December 20, 2006
An Extra-Warm Month
November has left us with daytime temperatures in the sixties. Throughout this month it has been unusually warm. One-third of the month had daytime temperatures of 60 degrees or higher, and our first killing frost came very late.
Even nighttime lows were mild compared to an average November. Is this just a mild November or a forerunner of our weather-to-be with global warming?
Rainfall was well above the average for November. This was no doubt due to the easterly wind direction for half our days. We have had no severe gales or snowflakes in the air!
All fall crops are now in, except some turnips and brussels sprouts, which can stand more severe weather than we have had during the past 30 days.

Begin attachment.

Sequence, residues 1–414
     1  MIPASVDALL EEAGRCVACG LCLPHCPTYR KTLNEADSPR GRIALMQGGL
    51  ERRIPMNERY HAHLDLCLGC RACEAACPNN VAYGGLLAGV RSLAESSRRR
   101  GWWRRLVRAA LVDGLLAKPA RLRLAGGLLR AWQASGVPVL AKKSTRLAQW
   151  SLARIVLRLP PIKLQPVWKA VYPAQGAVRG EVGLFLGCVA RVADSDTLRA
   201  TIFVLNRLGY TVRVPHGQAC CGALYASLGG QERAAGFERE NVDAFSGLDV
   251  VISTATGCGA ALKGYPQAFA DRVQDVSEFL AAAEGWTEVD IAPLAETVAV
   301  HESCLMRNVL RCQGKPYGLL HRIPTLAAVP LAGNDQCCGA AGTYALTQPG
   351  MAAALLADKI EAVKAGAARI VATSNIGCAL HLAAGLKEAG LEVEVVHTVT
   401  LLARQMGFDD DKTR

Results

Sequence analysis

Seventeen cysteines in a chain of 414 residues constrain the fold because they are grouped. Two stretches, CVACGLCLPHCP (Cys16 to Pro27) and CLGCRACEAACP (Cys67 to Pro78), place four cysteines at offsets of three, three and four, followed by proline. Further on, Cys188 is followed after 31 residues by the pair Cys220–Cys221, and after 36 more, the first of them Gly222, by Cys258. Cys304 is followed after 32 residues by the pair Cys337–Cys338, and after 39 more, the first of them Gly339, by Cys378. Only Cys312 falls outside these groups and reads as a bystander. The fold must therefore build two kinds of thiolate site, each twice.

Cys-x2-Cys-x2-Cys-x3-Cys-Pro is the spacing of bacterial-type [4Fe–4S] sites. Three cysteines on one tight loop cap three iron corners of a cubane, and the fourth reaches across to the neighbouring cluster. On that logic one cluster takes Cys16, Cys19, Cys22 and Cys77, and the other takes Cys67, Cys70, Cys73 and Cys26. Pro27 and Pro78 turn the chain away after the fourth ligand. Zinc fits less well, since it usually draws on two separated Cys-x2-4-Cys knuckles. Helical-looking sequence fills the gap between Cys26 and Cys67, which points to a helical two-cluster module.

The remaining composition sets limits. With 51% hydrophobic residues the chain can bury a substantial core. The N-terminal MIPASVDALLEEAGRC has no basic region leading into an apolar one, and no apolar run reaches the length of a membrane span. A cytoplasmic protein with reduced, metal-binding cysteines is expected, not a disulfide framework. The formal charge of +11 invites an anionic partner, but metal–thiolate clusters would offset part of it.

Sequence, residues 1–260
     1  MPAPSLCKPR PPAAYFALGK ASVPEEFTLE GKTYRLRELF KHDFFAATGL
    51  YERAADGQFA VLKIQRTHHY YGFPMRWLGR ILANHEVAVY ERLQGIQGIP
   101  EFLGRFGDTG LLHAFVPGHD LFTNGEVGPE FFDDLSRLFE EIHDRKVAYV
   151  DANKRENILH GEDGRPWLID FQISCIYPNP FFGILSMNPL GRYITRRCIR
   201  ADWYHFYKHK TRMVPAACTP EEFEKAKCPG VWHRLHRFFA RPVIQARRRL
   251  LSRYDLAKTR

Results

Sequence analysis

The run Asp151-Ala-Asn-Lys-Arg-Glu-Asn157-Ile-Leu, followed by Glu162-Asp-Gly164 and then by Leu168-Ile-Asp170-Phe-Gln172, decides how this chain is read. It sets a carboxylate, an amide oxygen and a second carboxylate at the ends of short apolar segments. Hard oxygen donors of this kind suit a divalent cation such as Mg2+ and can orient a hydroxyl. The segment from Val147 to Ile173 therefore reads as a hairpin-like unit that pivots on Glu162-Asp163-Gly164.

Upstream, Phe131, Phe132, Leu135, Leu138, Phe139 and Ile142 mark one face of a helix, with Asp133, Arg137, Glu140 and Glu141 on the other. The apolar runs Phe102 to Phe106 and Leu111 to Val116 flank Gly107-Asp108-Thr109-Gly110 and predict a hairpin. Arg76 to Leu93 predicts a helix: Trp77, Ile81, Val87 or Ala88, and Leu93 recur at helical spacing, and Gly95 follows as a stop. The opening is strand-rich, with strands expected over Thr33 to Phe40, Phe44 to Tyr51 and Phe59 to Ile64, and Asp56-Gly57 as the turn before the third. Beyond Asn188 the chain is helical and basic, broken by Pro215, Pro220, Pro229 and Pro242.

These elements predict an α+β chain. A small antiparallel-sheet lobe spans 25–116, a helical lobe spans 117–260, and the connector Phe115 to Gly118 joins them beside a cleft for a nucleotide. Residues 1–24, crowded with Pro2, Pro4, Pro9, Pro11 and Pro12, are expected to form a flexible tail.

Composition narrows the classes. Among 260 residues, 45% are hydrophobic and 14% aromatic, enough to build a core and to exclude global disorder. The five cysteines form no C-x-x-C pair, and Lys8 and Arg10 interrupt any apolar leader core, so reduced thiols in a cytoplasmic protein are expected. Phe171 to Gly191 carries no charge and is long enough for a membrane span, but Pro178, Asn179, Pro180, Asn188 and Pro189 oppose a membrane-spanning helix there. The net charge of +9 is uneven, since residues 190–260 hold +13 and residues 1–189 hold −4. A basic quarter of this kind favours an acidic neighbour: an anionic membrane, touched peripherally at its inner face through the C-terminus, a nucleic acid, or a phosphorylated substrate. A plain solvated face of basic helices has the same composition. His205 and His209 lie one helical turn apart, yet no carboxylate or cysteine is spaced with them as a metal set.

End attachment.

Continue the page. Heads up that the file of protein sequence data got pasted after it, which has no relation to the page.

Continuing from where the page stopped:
High temperatures were in the 60s on 11 days. Highest was 68į on the first. Nighttime lows were far warmer than average, and our first killing frost came very late this year, on the 26th. The low for this month was 28 degrees on the 5th.
Rainfall was nearly two inches above normal at 5.22 inches. Our long-term average for November is 4.31 inches. Late season crops matured well with brussels sprouts and turnips still being harvested. Late planting of cover crops are doing excellently and the Canada Geese are having a feast!
Wind direction was truly varied; the greatest was from an easterly direction. Recorded were seven clear, 10 partly cloudy and 13 cloudy days.
When will the first flakes float by? I wouldn't be surprised if we've seen a few by the time you read this, but my prediction is for a very mild winter. High tides and severe coastal erosion will continue nonetheless.
A white Christmas doesn't look too likely, but we've been surprised before!
This observer would like to wish a very merry Christmas and a happy and peaceful New Year to all!
U.S. Cooperative Weather Observer
Bridgehampton, LI, New York